Plot: What’s it about?
I know it’s wrong to judge a book by its cover. And, conversely, a movie by its poster or Blu-ray artwork. But I couldn’t help myself when One for the Money arrived. I don’t recall it being in theaters, but it looks relatively new. This tells me that it was either straight to video or not a very big hit at the box office. Most likely the latter. It stars Katherine Heigl who made a name for herself on TV’s Grey’s Anatomy and has since become a bona fide movie star solely by virtue of being in Knocked Up. Heigl seems to have quite a bit of animosity out there towards her and I’m not really sure why. No, she’s not the best actress out there and though attractive, there are certainly more alluring in regard to sheer beauty. Nevertheless, this movie is all her so haters of Heigl should be warned.
Heigl plays Stephanie Plum, an unemployed manager of a lingerie department who’s desperate for money. It so happens that her cousin (who tried to make out with her at her wedding) needs a bounty hunter to round up some locals and, wouldn’t you know it, the paycheck is pretty handsome. Stephanie starts snooping around and her big target is Joe Morelli (Jason O’Mara from televison’s Terra Nova). If she can get Morelli turned in, her cut is $50,000 and more than enough to solve her financial woes. And as we might expect, the two had a thing back in high school. However as Stephanie starts to dig, she gets more than she expected and is now in potential danger. Now she has to rely on her only friend, a real bounty hunger by the name of Ranger (Daniel Sunjata) else she might end up a stastic.
I should have probably trusted my instinct when I saw the cover and while One for the Money wasn’t totally unwatchable, it just wasn’t what I needed or wanted. I guess the best way to describe the film is a romantic comedy with a bit of violence in there (but not the good kind of violence, it’s the kind where someone’s shot and you don’t see blood). Heigl’s cat ate the canary smile on the cover is all you need and what you’ll expect to see. Her stereotypical family offers a bit of comic relief with Debbie Reynolds getting most of the choice lines. Again, this won’t challenge your intellect but it’s not a complete waste of time. I mean there a scene with Heigl in the shower that’s worth watching…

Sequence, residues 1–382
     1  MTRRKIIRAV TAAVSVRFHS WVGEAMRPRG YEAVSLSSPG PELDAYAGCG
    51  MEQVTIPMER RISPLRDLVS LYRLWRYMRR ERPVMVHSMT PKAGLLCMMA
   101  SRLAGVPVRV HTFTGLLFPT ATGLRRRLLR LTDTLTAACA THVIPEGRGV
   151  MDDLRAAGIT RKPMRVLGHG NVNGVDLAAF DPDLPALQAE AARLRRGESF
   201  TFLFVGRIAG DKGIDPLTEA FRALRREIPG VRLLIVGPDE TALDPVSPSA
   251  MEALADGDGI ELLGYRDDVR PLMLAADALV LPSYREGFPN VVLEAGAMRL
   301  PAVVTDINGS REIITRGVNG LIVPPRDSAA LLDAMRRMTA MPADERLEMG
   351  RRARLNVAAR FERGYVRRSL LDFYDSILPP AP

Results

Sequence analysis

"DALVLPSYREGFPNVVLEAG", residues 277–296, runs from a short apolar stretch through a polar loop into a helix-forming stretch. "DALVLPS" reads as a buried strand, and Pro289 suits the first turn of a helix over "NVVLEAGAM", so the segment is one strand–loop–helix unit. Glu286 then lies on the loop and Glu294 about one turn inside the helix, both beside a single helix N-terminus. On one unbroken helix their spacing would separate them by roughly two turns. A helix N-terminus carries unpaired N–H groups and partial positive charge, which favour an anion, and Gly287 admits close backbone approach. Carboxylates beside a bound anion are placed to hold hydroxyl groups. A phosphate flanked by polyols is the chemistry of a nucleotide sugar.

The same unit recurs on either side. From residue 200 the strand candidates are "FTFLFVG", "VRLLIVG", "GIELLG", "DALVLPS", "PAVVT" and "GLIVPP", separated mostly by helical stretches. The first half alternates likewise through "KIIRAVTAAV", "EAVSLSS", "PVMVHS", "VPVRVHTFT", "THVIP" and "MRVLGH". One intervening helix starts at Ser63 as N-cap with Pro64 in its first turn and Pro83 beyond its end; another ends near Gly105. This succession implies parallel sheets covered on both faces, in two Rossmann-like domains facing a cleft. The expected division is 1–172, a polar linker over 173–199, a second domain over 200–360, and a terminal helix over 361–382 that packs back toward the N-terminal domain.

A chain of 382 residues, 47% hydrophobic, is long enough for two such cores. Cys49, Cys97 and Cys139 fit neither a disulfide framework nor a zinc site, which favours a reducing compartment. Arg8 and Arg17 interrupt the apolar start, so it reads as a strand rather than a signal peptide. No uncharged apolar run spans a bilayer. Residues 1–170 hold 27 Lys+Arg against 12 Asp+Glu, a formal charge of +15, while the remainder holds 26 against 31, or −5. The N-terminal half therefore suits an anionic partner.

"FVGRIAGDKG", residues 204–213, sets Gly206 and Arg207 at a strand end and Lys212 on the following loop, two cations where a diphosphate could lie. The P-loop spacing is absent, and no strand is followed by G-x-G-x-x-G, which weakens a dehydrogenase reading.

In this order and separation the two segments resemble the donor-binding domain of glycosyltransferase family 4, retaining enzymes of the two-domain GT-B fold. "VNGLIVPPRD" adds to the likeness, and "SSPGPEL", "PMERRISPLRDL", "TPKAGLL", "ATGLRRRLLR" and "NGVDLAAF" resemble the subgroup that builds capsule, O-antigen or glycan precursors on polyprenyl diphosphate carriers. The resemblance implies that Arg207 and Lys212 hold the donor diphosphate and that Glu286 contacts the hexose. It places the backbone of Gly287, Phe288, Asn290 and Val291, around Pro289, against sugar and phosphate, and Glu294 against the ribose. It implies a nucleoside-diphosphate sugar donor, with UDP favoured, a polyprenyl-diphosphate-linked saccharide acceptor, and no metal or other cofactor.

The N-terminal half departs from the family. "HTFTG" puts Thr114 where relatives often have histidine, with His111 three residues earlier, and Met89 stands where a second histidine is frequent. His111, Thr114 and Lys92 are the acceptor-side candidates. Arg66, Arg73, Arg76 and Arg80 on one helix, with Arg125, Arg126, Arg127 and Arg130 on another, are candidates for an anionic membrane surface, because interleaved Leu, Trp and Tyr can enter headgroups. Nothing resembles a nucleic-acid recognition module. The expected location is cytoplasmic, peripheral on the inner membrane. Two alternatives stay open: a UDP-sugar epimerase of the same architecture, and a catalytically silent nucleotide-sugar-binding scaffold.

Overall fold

Video: How does it look?
The 2.40:1 AVC HD image looks pretty good throughout. Detail is exceptional, colors are bold and strong and black levels and contrast seem on the mark. I noticed no instance of artifacting and no compression issues really caught my eye. Quite frankly, this is actually a very good-looking transfer and one that we’d expect from a movie that’s new to the format. Flesh tones seem very warm and accurate, we can see details on the clothing and fabric and see the definition in Jason O’Mara’s perpetual five o’clock shadow. There’s really nothing negative I can say about the way this looks.
Audio: How does it sound?
Likewise the DTS HD Master Audio soundtrack isn’t the most robust out there, but darn it if there aren’t a few good scenes! Vocals are clear and consistent, we get to hear Heigl’s on again/off again Jersey accent as she narrates the film. Surrounds aren’t too actively involved, but there are a few gunshots that did resonate into the background. The front stage takes the burden of the soundtrack offering up a mix that’s both robust yet acceptable at the same time (if that makes sense).
Supplements: What are the extras?
There aren’t a lot of supplemental materials to be found and those that are included don’t have a lot of substance to them. Still, considering the film itself I wasn’t too surprised. First up is “Making the Money: Behind-the-Scenes” – they really don’t get any more standard than this. It features a smattering of interviews with the leads as they tell how good the script was and how they “had” to do the film. “Bond Girls: Kicking Ass in the Bail Bonds Industry” is actually a bit entertaining as we get a look at a few “real” females in this mainly male-dominated environment. There’s a gag reel and one deleted scene to boot.